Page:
Commissioner for the Federal Communications Commission Brendan Carr told MRC Free Speech America in an exclusive interview that “the tide is moving out on TikTok whether it’s in Europe or the U.S. and there’s really no amount of prevaricating and gaslighting that they can do at this point I think to avert that.”
Commissioner Carr responded to the results of a damning Malcore study released Feb. 13 from an automated analysis tool designed to assess social media apps’ code for data security risks. TikTok received the “worst” score compared to industry peers. The commissioner said that the new study affirms what many have known for a long time.
“I think this is just one piece of a broader set of issues that have been raised with TikTok and there just continues to be very serious bipartisan global concerns … about national security issues,” he said. “[T]his latest Malcore study, shows that contrary to TikTok’s representations, they do not collect data that is in a manner consistent with the sort of peer social media apps, and I think it’s troubling.”
The day after Malcore released its findings, the European Commission banned the app from government devices and networks; Canada did the same a few days later. The White House, and 29 states have also taken action against the app, according to Government Technology, a media outlet that has tracked U.S. restrictions on TikTok thus far.
The commissioner commented on the growing trend. “The actions that almost 30 states have taken is a very good step in the right direction,” he said. “They’re banning TikTok from state government devices. At the end of the day, though, we have to go much further than that, which is to address TikTok not just on government devices, which we’ve done on the federal level now, and … at the state level, but we need to address this nationwide, for everybody not just government devices.”
He noted, however, that the state bans offer a clear and powerful message to federal officials. “I think what the state actions signify – you’ve got Republican governors, Democrat governors – is this consensus on the solution.”
He noted that the laws show 29 “individual decisions” that both Republicans and Democrats decided “there is no mitigation measure that can be put in place to sufficiently address TikTok’s threat,” and “a ban of the device is really the only path forward.”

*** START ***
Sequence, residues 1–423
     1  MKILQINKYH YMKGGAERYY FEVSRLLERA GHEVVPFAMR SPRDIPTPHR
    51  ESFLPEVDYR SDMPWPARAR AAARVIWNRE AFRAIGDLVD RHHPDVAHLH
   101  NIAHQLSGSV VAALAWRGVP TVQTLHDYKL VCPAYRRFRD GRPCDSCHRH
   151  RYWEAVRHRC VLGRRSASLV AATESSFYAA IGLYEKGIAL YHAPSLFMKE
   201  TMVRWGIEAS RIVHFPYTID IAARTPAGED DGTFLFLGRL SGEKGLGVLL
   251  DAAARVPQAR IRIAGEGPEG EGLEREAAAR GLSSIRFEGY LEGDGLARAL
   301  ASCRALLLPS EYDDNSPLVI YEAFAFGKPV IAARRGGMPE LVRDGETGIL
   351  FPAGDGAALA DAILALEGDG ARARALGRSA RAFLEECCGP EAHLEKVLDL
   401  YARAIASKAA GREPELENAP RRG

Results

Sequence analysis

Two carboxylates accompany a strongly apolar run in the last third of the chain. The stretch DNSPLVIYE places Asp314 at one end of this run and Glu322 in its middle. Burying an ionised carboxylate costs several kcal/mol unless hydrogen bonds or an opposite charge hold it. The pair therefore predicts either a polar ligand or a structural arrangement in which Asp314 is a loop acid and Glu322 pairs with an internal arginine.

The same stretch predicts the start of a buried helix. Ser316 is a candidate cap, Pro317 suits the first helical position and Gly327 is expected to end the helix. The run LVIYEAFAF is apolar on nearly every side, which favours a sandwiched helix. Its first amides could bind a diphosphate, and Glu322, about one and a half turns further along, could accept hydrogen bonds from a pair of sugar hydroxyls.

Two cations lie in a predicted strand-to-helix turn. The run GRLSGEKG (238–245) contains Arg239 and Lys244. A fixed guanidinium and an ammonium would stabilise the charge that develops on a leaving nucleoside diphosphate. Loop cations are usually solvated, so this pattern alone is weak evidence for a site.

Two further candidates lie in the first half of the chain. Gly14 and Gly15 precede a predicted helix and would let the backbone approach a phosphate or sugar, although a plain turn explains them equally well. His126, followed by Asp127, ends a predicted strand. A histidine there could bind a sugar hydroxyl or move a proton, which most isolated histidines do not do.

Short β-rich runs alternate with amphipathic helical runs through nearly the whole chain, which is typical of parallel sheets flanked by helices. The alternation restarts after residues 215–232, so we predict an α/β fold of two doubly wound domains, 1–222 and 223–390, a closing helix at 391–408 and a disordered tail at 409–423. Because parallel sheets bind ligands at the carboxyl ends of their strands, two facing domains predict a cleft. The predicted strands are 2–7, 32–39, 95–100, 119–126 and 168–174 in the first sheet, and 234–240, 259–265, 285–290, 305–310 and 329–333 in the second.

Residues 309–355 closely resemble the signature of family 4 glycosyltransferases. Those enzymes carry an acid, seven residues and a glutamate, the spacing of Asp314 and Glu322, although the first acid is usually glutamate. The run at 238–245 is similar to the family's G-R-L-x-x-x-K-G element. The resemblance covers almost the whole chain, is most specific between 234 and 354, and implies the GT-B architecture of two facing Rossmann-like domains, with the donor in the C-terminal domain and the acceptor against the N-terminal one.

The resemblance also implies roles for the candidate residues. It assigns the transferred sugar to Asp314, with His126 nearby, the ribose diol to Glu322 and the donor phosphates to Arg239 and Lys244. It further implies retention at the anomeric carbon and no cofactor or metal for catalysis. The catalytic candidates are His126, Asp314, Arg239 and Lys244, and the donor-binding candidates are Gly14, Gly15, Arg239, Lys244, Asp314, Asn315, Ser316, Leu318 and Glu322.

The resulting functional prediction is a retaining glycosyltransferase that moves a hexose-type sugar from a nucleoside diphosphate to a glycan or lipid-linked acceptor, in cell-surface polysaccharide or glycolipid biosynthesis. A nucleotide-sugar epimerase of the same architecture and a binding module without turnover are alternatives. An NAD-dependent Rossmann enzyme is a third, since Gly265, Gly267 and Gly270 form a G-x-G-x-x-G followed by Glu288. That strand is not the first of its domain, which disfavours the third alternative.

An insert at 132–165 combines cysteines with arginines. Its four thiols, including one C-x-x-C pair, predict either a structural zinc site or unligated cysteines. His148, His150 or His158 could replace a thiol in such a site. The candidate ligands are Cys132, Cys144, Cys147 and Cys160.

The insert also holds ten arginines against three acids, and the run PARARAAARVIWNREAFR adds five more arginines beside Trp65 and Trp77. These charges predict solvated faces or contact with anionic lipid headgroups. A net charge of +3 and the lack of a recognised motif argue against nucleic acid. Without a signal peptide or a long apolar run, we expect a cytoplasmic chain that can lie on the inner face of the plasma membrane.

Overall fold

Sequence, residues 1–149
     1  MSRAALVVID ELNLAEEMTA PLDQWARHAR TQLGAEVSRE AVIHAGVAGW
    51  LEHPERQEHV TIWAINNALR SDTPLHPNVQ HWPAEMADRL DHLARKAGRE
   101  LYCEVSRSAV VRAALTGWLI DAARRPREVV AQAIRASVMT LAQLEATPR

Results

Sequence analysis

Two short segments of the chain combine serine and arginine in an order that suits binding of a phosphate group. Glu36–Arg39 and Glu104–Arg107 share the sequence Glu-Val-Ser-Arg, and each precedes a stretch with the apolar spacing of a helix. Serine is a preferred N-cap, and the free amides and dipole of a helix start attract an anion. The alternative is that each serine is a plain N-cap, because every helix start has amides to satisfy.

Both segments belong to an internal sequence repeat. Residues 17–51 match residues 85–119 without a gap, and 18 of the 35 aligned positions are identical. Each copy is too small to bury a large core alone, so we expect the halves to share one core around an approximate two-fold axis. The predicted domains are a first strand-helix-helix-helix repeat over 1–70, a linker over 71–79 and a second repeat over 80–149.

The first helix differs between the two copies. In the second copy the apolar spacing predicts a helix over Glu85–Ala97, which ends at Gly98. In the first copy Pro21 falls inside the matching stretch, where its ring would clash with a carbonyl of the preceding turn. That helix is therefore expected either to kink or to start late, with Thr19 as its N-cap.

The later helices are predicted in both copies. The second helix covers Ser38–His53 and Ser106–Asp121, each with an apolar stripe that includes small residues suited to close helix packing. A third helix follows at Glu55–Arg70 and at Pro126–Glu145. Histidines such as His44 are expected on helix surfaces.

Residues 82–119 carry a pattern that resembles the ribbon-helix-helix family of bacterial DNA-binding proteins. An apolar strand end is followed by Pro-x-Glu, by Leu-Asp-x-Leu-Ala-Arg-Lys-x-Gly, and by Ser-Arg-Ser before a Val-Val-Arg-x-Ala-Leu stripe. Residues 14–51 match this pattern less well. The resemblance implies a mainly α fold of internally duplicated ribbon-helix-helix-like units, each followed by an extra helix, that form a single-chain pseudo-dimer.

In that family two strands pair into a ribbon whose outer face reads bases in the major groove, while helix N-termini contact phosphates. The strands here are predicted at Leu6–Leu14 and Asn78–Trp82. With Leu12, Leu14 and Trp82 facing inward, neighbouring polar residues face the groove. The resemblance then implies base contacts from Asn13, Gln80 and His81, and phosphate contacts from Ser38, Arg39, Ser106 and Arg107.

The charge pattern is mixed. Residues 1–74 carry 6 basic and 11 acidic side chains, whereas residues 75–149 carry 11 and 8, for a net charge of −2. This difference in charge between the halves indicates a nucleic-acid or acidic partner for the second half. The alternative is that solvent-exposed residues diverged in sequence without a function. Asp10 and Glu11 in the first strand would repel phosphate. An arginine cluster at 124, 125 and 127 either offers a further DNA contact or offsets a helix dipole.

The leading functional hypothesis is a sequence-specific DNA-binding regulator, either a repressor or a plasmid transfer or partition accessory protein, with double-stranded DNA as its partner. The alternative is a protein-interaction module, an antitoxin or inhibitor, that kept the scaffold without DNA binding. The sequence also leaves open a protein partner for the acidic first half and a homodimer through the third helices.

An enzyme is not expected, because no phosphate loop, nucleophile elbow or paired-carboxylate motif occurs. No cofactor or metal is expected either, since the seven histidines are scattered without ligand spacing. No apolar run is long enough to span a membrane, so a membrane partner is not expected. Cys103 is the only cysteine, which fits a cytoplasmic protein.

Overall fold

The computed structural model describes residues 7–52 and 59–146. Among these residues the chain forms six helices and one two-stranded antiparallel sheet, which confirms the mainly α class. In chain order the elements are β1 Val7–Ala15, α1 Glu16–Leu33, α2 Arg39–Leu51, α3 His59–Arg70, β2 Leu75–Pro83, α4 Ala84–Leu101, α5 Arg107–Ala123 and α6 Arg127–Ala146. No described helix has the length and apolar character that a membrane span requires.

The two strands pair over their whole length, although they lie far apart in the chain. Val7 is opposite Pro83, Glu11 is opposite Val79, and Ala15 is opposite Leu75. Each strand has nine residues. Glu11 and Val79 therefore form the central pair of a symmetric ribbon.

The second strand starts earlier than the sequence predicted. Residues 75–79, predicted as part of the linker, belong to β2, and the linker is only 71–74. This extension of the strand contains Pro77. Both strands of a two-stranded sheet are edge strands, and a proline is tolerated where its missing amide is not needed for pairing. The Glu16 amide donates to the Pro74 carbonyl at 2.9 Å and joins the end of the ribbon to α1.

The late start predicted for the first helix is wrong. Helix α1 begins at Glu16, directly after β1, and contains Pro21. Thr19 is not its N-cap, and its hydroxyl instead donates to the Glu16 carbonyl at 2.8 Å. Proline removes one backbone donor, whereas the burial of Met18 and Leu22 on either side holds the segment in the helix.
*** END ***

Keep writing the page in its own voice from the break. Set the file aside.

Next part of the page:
Carr also offered the public some hope that top federal officials are starting to wake up and voice their concerns. He noted that the Treasury department of the Biden Administration has “been studying this issue for roughly two years, and it’s sort of like that stage in addressing a problem which is step one is to admit you have a problem and step two is to do something about it,” he said. “I think the good news is that we have achieved step one.”
He noted that FBI Director Christopher Wray, Deputy Attorney General Lisa Monaco, Director of National Intelligence Averil Haines and CIA Director Bill Burns have each expressed concerns about TikTok. “All of these administration officials are coming forward and raising their hand and saying, ‘There’s a problem at TikTok,’” he said.
Commissioner Carr continued:
That’s great. That’s the first step, but at this point, we can’t simply acknowledge the problem and not take the appropriate action. That’s why it’s important for the federal government, for the Treasury Department to take step two, which is to move forward with either a nationwide ban of TikTok or some type of solution that involves a complete decoupling of TikTok from a corporate structure from any entity that is beholden to the CCP.
It appears that Congress is already beginning to take some action. In recent weeks, members of both the House and the Senate have introduced bills that would allow the Biden administration to restrict or ban Chinese apps that pose a national security risk like notoriously pro-censorship TikTok.
The Biden administration has had numerous communications with representatives from the communist Chinese government-tied app but whether the administration will ultimately take further action remains to be seen.
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